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Parallel Mothers Movie Review

Parallel Mothers (Madres paralelas) (2021) movie poster Parallel Mothers (Madres paralelas)

US Theatrical Release: December 24, 2021 (Spanish Theatrical Release: October 8, 2021)

Running Time: 120 Minutes

Rating: R

Writer/Director: Pedro Almodóvar

Cast: Penélope Cruz (Janis Martinez), Aitana Sánchez-Gijón (Teresa), Milena Smit (Ana), Israel Elejalde (Arturo), Julieta Serrano (Brígida), Rossy d ePalma (Elena), Pedro Casablanc (Ana's Father), Adelfa Calvo (Brígida's Niece)

 

Parallel Mothers, the latest from Spain's renowned writer-director Pedro Almodóvar, is two movies in one. At its beginning and end, it tells the story of a distinguished photographer named Janis (finely played by the director's frequent muse Penelope Cruz)
doing a cover shoot of n accomplished anthropologist Arturo (Israel Elejalde) and asking his help to exhume the bodies of her great grandfather and about a dozen others who were executed and buried during the early days of war.

It's an interesting tale which explores all that goes into identifying and digging up human remains the right way. But it is eclipsed by the more compelling and not particularly related narrative from which the film gets its title. That involves Janis' unplanned pregnancy with Arturo and the complex relationship she forms from that experience with a fellow expectant single mother, the teenaged Ana (Milena Smit). This core story claims the bulk of the runtime and the lion's share of our interest as it moves the film into the domain of psychological thrillers as Janis begins to suspect her baby is not hers and stealthily orders multiple maternity tests that confirm her fears.

(Ana) Milena Smit and Janis (Penelope Cruz) are "Parallel Mothers" in the new film by Pedro Almodóvar.

Just a few years shy of 50, Cruz is inexplicably as radiant as she's ever been, twenty years since American moviegoers first saw her in films like Vanilla Sky and Captain Corelli's Mandolin and almost thirty since she began acting for Almodóvar. Having starred in some of the director's better films (Volver, Broken Embraces), Cruz has no difficulty carrying this multi-layered character study on her back. There is buzz that she could pick up another Academy Award nomination for her work here, a significant achievement since most years no performances in a foreign language make the cut with the American-based Academy.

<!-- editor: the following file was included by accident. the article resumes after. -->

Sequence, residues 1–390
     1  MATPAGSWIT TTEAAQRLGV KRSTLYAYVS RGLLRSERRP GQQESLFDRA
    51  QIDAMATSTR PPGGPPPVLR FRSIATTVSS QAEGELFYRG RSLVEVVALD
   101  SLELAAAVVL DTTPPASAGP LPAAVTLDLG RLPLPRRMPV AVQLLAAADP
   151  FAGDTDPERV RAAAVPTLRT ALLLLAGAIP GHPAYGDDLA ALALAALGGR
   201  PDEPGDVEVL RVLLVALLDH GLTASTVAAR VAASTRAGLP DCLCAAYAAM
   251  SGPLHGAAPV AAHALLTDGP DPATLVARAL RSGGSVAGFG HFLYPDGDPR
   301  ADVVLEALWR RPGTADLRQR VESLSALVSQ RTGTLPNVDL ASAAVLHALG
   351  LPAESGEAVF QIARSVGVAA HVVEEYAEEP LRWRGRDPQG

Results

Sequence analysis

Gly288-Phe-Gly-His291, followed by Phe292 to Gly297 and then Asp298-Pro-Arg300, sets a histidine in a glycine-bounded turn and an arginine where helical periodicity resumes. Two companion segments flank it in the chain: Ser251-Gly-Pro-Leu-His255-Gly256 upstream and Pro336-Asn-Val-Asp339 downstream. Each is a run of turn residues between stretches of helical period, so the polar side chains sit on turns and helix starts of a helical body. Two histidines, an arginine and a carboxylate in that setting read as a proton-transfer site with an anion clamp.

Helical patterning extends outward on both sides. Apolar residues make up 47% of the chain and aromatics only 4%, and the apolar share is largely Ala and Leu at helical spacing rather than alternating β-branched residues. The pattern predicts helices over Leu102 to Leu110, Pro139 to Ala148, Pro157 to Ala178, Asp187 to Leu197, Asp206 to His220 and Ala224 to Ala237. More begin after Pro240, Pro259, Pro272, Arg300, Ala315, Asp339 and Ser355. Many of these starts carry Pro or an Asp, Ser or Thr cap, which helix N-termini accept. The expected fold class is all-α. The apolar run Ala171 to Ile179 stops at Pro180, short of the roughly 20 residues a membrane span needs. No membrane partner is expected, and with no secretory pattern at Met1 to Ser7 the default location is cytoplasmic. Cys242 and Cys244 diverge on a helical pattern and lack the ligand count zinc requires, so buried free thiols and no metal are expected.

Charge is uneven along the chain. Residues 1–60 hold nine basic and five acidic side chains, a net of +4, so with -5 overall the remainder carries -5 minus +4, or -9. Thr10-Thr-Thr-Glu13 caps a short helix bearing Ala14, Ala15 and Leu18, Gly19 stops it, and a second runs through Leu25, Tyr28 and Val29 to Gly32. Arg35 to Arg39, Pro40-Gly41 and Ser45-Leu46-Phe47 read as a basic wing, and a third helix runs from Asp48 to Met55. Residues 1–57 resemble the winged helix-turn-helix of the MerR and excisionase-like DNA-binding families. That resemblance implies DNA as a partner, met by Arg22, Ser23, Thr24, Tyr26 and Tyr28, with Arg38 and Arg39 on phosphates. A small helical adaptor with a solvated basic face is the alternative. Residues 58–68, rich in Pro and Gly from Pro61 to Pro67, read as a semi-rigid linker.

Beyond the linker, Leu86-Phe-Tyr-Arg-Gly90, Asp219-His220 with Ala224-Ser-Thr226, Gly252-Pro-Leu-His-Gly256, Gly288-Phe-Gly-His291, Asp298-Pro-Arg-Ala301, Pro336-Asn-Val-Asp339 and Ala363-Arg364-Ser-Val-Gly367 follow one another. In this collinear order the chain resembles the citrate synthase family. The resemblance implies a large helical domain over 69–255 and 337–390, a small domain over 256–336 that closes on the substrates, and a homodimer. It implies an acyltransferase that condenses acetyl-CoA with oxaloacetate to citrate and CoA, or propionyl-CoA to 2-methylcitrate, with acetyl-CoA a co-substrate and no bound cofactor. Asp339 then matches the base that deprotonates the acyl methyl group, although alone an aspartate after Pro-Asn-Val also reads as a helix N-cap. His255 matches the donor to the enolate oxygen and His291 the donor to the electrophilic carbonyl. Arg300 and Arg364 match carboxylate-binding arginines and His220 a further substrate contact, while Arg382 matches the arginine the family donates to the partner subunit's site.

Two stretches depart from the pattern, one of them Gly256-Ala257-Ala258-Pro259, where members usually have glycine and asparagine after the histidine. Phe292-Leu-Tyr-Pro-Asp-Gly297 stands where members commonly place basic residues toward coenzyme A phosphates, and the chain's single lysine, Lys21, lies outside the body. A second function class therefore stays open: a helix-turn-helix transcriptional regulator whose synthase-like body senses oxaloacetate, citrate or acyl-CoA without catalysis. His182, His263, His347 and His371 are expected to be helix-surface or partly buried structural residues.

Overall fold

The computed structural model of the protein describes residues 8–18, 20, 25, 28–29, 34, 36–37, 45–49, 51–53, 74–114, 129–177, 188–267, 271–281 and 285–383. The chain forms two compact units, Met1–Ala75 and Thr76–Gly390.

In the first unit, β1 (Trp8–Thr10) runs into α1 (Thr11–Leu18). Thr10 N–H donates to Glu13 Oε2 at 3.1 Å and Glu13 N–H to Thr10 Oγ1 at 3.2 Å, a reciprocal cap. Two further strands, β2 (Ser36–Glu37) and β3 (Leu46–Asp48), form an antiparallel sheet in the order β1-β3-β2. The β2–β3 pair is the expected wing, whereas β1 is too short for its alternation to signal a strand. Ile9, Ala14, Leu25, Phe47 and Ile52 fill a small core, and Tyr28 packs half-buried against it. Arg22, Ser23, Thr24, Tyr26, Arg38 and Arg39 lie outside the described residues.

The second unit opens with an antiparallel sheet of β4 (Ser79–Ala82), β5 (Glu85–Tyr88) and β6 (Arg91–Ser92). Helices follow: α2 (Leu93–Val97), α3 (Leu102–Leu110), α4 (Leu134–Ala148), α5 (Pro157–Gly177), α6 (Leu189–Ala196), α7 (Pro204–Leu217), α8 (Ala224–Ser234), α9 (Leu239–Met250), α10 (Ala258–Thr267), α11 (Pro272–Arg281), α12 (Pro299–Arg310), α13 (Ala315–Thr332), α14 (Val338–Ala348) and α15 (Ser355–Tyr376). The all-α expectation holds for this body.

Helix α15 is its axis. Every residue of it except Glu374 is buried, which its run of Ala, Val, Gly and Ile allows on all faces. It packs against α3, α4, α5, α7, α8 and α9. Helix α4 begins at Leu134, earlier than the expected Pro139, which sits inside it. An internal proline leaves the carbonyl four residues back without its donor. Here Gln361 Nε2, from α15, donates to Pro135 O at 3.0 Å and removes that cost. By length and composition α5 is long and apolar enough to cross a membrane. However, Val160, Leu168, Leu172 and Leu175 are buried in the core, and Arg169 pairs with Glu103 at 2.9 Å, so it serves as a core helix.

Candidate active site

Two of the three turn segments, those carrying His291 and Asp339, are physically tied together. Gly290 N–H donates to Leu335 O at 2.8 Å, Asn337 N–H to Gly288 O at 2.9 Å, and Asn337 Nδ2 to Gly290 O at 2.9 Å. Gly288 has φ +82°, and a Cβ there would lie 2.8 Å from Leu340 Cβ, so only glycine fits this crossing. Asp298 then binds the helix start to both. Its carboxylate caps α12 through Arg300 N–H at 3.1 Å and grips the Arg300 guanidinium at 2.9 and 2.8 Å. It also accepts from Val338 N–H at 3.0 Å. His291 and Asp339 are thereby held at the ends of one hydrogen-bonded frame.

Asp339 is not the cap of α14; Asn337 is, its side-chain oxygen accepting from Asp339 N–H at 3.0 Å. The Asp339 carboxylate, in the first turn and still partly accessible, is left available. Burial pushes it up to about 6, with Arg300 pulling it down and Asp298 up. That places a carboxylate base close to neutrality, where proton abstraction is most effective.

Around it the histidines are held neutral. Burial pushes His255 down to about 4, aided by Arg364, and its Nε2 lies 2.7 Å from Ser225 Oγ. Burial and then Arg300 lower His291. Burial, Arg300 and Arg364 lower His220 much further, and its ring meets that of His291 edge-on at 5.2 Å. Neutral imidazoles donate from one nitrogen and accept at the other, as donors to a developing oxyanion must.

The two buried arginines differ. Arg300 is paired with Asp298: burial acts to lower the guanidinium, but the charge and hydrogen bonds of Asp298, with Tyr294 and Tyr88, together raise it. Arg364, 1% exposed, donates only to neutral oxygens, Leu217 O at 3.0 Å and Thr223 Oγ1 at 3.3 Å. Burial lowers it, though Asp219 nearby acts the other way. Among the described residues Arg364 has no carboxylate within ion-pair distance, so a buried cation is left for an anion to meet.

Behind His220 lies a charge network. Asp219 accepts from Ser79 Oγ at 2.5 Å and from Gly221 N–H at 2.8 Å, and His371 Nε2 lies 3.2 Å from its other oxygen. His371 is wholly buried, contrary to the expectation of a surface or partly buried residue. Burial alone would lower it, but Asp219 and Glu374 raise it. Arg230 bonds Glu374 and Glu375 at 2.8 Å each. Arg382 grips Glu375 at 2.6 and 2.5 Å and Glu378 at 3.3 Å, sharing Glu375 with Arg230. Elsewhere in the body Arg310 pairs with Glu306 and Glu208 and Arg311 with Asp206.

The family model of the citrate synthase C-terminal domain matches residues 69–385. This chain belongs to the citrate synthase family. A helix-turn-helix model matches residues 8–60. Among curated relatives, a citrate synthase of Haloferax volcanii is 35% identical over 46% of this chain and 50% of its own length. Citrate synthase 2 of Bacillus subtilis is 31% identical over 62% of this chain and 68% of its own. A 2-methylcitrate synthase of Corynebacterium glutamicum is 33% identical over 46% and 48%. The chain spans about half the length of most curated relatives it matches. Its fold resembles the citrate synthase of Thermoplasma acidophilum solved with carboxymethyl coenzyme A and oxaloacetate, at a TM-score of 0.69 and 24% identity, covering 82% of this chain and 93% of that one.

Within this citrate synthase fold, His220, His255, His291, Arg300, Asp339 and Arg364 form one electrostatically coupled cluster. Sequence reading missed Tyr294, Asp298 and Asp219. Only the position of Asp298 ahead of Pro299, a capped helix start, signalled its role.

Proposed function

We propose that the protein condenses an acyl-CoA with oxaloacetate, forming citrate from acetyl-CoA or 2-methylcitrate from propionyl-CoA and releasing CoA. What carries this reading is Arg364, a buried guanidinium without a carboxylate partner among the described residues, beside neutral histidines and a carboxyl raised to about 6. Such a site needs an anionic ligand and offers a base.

Whether or not that happens, Parallel Mothers is a film to see, one which sweeps you up in its contemporary mystery and has you eager to answer the questions it raises.

Janis, a veteran pro so desperate to work she'll shoot handbags and shoes, and Ana, a young product of pained divorce scraping by as a cafe waitress, form an intragenerational bond that goes beyond their concurrent forays into motherhood. Almodóvar immerses us in this narrative so fully that by the time he returns to the original plot of archaelogical exhumation, you wonder why. The disjointed ending leaves Parallel Mothers on a strange note at odds with the film it has just spent the better part of two hours telling. Nonetheless, there's enough color and substance to appreciate having gone on this rewarding journey, which per usual is being slowly rolled out over the course of awards season from Almodóvar's go-to North American distributor, Sony Pictures Classics.

Related Reviews:
Now in Theaters: The Tragedy of MacbethHouse of GucciBeing the RicardosWest Side Story
Directed by Almodóvar: Pain and Glory
Penélope Cruz: Vanilla SkyNine

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Reviewed January 6, 2022.



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